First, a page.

So I started building my backup plan.  There are a bunch of different ways I can present to get my point across, I would like to say I would isolate and fix the issue my laptop was having, but it is working swimmingly right now (YAY and BOOO all at the same time).

I was a Boy Scout at one point in life and I do remember the motto of "always be prepared", and it has not left me.  So I'm looking forward to the next round of presentations, because I will have worked up how I can get my demo's done at least 3 different ways so I don't get blindsided again.

Not sure when the next Page & Row Compression presentation will be but I'm already looking forward to it.



Tuesday, December 21, 2010

SQL Saturday 62: Row Compression

I'm really excited to be selected as a speaker for SQL Saturday 62 in Tampa on January 15th 2011, register today at !

Just a quick blog this evening, the whole family, myself included, have been under the weather.  I wanted to get something out on this, and I’ll put more out in the coming days.

The topic I will be presenting on is Compression.  My session is titled Page and Row Compression How, When, and Why, and I’m very excited to be presenting on this topic.   There are also a lot of really great sessions but other speakers, to check out the full line up click here.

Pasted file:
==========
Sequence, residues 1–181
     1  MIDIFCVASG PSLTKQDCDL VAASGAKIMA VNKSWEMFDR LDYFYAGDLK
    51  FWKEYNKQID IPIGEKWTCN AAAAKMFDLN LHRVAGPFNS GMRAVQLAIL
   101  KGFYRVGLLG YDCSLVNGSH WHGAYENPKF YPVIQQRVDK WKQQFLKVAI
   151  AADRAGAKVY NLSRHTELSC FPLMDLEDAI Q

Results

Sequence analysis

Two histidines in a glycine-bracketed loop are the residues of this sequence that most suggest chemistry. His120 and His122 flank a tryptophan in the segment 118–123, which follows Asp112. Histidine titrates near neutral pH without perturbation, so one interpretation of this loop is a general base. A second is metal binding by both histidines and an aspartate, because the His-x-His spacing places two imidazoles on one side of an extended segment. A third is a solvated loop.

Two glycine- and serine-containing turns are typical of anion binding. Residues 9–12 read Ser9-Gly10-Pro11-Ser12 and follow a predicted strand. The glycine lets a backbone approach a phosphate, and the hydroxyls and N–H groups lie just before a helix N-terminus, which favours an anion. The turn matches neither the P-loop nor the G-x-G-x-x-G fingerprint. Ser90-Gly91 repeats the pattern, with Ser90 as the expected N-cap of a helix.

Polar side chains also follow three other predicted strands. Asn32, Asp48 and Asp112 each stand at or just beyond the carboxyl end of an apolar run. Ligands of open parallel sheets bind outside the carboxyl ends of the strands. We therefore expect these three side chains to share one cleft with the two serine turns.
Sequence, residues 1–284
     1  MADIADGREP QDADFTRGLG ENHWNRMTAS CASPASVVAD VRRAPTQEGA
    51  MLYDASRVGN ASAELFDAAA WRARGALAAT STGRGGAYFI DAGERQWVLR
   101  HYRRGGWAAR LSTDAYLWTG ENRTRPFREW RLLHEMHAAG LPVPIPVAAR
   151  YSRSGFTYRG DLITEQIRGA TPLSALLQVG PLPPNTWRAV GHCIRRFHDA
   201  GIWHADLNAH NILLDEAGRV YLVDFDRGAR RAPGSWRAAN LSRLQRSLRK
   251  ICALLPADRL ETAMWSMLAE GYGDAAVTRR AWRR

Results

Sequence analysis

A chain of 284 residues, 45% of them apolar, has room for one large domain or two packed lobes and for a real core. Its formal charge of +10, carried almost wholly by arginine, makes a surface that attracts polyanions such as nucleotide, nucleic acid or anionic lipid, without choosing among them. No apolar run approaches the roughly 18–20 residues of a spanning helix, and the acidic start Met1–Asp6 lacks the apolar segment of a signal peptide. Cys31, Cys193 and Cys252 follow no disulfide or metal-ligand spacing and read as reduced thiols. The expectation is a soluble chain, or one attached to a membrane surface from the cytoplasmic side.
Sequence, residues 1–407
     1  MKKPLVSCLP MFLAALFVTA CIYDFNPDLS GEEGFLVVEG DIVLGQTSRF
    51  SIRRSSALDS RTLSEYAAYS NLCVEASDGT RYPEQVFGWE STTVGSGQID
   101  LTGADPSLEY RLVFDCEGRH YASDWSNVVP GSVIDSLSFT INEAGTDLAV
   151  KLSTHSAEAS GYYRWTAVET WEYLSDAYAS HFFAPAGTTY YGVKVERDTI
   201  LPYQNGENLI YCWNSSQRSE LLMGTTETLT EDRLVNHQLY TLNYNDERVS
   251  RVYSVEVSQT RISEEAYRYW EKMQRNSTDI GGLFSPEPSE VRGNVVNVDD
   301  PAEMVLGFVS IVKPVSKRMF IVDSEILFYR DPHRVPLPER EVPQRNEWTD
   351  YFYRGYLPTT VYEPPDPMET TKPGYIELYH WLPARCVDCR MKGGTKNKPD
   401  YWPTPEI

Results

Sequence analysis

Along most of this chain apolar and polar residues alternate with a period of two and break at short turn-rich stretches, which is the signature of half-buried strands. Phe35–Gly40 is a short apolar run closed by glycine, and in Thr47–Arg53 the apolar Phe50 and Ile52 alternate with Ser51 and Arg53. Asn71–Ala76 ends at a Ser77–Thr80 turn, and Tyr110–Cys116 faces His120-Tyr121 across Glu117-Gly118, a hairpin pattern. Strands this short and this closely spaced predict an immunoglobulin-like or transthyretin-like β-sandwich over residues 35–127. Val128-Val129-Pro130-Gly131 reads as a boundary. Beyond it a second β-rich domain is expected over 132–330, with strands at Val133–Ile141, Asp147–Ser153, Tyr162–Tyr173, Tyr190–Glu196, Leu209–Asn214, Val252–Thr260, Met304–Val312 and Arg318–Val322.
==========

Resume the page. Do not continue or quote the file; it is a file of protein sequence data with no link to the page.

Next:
I'm going to break up the subject and talk about it in parts, we will start with a very brief introduction to the concepts in Row Compression..

Row Compression

Row Compression was introduced to us in SQL 2008, it’s predecessor was vardecimal compression introduced in SQL 2005, and subsequently deprecated in SQL 2008.  It is still available in 2008, but vardecimal compression does almost the exact same thing as Row Compression, but on variable length numeric fields.
 The premises is that you take the variable length columns from a record and you make them a fixed length field, you take the variable length array and covert it from a 4 byte field to a 4 bit field, and there is also special handling for nulls and zero values. 
In SQL 2008 R2 Row Compression was extended even further to include Unicode support.
Okay, it sounds smart but what does it mean? 

Think Vacuume Sealed.

And Tastey, Tastey meat.
But mainly Vacuume Sealed.

We are extracting every bit of extra space down to trim the size of the data stored in a record on a page.  Row compression should be synonymous to you as saving space! 
If you move from a bigger house to a smaller house then you toss some things out, re-organize, possible consolidate a little.  This is what is going on.  Now keep in mind that not all data-types are covered and this is for In Row Data, LOB and Row Overflow data will not be compressed. 
We’ll save more for later, but needless to say we next need to talk about Page Compression, what makes it up, how to tell if your tables are candidates for compression based on your record types.  Also your tables activity level, and type, can help you estimate what kind of overhead to expect from compression.